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Jim Isermann

American, b. 1955


Fabric on wood
66 x 66 x 66 in. (167.64 x 167.64 x 167.64 cm)
Gift of the Marie Eccles Caine Foundation

Jim Isermann’s work is an amalgamation of postwar industrial design, popular culture, and ne art. His inclination to blend these aesthetics is seen in a 1982 solo show, just two years after he graduated from California Institute of the Arts. The exhibition was held first at the Inn of Tomorrow, a motel near Disneyland, and was then recon figured at the Richard Kuhlenschmidt Gallery in Los Angeles.

Untitled (1998) is a quilted, fabric-wrapped wooden cube that is heir to the transition between the 1960s and 1970s, a period exemplified by the pattern and decoration movement. These artists embraced bold colors and wild patterns in reaction to the severe, male-dominated aesthetics of minimalism. However, in Untitled (1998), as in other works, Isermann does borrow minimalism’s decisive use of the grid. He frequently begins with a modular unit that is then turned, twisted, and repeated, so that what appears to be a very complicated pattern is in fact derived from a simple, elegant equation. It is a process akin to Benoit Mandelbrot’s theory of fractals, which demonstrates the similar nature of recurring patterns at varying scales.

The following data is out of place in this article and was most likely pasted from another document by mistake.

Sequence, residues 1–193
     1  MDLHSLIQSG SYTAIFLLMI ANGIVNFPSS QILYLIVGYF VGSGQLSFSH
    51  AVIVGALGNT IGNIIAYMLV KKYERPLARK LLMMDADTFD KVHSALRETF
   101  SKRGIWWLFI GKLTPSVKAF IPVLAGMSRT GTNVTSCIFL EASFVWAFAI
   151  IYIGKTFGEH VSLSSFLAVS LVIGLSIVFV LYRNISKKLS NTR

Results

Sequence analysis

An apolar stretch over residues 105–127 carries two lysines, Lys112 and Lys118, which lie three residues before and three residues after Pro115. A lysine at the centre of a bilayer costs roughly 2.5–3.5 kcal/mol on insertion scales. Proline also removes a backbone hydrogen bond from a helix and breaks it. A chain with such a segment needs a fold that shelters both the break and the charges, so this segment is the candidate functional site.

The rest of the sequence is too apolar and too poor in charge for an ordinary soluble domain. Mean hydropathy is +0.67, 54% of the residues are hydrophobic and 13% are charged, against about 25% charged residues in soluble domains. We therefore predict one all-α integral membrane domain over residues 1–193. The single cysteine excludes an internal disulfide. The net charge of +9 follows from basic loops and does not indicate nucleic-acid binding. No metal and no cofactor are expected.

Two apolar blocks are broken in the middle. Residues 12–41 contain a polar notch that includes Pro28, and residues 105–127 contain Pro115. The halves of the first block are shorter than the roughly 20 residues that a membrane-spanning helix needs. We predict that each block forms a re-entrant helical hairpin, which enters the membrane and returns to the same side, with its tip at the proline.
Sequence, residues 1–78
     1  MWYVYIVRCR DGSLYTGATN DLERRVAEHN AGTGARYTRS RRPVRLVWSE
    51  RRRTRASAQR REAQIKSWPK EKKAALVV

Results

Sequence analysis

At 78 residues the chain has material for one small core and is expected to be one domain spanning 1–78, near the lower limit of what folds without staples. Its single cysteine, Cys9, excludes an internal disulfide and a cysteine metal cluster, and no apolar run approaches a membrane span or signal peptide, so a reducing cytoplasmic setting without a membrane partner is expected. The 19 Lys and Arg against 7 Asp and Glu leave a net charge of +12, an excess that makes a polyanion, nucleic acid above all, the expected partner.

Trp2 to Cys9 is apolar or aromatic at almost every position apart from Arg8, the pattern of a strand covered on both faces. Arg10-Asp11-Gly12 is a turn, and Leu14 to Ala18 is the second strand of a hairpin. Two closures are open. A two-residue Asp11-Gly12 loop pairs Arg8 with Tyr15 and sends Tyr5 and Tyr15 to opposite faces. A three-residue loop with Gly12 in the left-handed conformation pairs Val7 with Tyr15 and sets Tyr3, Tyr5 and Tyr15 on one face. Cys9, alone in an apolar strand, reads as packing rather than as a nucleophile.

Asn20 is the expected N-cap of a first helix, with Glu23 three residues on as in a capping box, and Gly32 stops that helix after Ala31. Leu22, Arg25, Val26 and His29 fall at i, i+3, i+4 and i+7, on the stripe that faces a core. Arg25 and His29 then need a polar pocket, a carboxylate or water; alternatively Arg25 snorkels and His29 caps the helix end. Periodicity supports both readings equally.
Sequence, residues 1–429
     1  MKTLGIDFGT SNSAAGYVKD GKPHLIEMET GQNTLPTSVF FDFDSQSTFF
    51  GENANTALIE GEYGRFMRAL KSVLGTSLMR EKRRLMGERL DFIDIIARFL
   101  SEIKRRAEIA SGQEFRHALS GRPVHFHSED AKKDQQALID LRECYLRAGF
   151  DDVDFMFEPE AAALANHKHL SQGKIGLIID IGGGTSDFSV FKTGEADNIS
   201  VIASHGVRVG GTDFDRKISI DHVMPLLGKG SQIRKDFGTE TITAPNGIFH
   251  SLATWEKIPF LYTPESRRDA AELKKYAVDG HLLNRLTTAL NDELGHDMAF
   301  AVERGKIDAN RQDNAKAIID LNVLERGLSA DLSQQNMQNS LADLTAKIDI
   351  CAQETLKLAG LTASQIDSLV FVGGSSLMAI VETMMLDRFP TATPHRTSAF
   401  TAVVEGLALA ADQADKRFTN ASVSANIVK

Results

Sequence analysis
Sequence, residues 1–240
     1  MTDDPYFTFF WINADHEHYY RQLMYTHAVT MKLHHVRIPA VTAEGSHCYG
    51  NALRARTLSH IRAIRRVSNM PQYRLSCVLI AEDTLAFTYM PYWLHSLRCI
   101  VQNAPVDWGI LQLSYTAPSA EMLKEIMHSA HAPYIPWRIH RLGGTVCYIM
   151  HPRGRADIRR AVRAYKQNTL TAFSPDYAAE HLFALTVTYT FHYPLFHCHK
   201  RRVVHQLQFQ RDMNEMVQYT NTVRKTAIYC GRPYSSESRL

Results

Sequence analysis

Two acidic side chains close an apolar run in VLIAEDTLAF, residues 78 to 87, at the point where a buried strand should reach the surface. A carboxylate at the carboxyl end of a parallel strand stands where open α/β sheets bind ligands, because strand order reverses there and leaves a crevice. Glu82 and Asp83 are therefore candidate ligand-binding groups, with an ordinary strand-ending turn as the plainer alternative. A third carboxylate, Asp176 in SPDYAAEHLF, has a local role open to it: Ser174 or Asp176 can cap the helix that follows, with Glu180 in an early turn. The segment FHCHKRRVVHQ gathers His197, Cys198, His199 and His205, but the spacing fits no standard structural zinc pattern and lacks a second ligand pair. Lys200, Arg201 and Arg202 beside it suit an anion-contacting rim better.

Isermann has a strong interest in art and design with a utopian sensibility, as seen in the Bauhaus movement or midcentury modern design. This kinship finds expression in the forms of his work—rugs, chairs, paintings, lamps—things representing the domestic sphere. Such work underlines Isermann’s sincere pursuit of an essential tenet of modernism: the impetus to improve one’s living experience through science and technology.

However, Isermann chooses the simple industry of a handmade aesthetic rather than the promises of industrialization. Untitled (1998) is not a cube that serves as a coffee table, but a beacon, whether in the living room or the museum, that expresses optimism about human ingenuity. The impossible, chaotic, and overwhelming world can be made pleasing and simple, providing a graceful manner in which to approach tomorrow.

Tyler Stallings

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